Thursday, November 29, 2012

Guest Post by Josh Boyd - How to Think Creatively

Creativity is one of the main tools of a writer. It's is a writer's prerogative and mainstay. But creativity needs to be fed, like anything else. There are moments when we don't feel creative, whatever the reason, and that hurts us terribly. Because without creativity we, writers, are just not ourselves.

Today, Josh Boyd talks about ways to help us think creatively and I hope you enjoy this article as much as I did.


The world is often pushed by creative thinkers. Even scientists are creative in their own way as they think outside the box and find solutions that no other person could see. Nikola Tesla’s recounts of his visions of theories and inventions are nothing short of poetic. The question is though, can you make yourself think creatively? Is it an innate ability or can it be manifested? It is certainly true that there are those that find this task much easier than others, but there are ways to encourage creativity to emerge from those whose brains seem entirely absent of it.

When you’re writing, each sentence is of importance. This means giving care and thought to every word. Some do think that this is a bit over the top, but would you expect an artist to be careless with some of his brushstrokes? Always keep this in mind and look to see if there is a different way to write something. Evaluate your own words and don’t allow yourself to go into automatic mode to push your story along. Just as every part of your book is a chance to wow a reader, it is also a chance to bore them. A quote from Anton Chekhov sums it up perfectly:

“Don’t tell me the moon is shining; show me the glint of light on broken glass.”

Another way to help is to get inspired. This is simple to do in many ways. What was the first thing that gave you the idea to become a writer? Go back to it and get yourself going again. It is easy to become stale and formulaic without a boost of inspiration now and then. Re-gain your enthusiasm and creativity will come with it. Search out new things too to keep your mind fresh. That doesn’t mean ripping off other people’s ideas though. Look at the ways they have tackled problems to help you think differently. Also you’ll be surprised how a rubbish book will get your mind cranking as you think to yourself, “I can do something 100 times better than this! If they can get published, so can I!”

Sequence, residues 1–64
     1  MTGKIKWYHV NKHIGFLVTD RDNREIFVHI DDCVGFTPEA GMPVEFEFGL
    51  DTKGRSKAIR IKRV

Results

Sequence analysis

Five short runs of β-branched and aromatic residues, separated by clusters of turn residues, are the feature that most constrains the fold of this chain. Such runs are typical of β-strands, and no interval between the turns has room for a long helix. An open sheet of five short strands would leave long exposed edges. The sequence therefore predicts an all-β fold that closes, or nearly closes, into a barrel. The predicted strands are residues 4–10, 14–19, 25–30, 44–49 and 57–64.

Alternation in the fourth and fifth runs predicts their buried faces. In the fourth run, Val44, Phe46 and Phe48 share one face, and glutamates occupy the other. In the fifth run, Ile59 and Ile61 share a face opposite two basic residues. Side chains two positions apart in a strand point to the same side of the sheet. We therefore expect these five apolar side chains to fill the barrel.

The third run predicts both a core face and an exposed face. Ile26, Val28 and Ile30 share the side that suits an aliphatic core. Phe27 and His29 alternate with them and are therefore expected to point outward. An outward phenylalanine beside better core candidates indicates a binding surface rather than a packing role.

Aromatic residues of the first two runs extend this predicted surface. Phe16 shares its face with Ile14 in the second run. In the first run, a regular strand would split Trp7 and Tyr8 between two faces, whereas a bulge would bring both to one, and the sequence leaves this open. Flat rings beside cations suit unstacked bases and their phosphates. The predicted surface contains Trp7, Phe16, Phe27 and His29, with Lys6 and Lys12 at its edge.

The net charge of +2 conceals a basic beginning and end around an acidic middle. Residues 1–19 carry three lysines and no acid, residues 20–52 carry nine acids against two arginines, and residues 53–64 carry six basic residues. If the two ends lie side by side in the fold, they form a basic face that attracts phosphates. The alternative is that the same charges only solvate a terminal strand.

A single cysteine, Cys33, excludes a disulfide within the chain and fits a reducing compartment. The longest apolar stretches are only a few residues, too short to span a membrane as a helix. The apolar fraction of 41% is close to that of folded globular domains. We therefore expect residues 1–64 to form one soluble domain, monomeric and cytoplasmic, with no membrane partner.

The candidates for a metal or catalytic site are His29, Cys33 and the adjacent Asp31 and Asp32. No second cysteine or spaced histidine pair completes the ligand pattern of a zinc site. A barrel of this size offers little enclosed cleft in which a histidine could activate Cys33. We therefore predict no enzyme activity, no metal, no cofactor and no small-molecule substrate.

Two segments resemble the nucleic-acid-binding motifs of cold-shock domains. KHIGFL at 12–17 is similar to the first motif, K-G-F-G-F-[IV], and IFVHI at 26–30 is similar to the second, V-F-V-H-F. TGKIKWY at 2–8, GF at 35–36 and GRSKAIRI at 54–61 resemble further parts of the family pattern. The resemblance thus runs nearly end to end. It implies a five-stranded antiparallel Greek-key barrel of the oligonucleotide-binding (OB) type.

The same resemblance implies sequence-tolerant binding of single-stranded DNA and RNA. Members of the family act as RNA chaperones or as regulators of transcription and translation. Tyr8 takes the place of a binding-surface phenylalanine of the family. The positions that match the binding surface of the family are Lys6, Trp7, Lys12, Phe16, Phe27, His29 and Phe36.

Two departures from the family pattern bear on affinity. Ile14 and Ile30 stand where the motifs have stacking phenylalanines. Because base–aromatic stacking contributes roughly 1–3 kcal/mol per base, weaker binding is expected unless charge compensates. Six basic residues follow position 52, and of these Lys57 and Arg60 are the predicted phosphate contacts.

Go outside. Absolutely anywhere at all. If you can go somewhere you’ve never been then even better. If you’ve sat in the same place trying to come up with that perfect piece of dialogue or clever way to introduce a character and got nowhere after hours, it is time for a change of environment. Your brain needs stimulation and even just a fifteen minute walk and some fresh air can do wonders to unclog your head. You never know, you might encounter someone who inspires you to create your best character. You have to work hard to be a writer, but don’t see this as a break. Anything that helps you to do better work is all part of the task at hand.

 The simple thing is don’t be disheartened if you suddenly think you’ve lost it. Writing and creativity is not like sport wherein once you gain an ability you’ll only lose it if you stop practicing. The mind can work in mysterious and very annoying ways, but if you start to lose confidence in yourself it’ll only get worse. Stick to your project even if it takes years. Fight through the bad times and enjoy the good times because you’ll have plenty of both. Keep inspired, invigorated and confident and creativity will come to you.

Joshua Danton Boyd is a copywriter from the online accountancy firm Crunch based in Brighton. He is also a regular contributor to Freelance Advisor.

1 comment:

  1. I love it! 'The glint off broken glass', brilliant! That kind of imagery is what I love in a good book.


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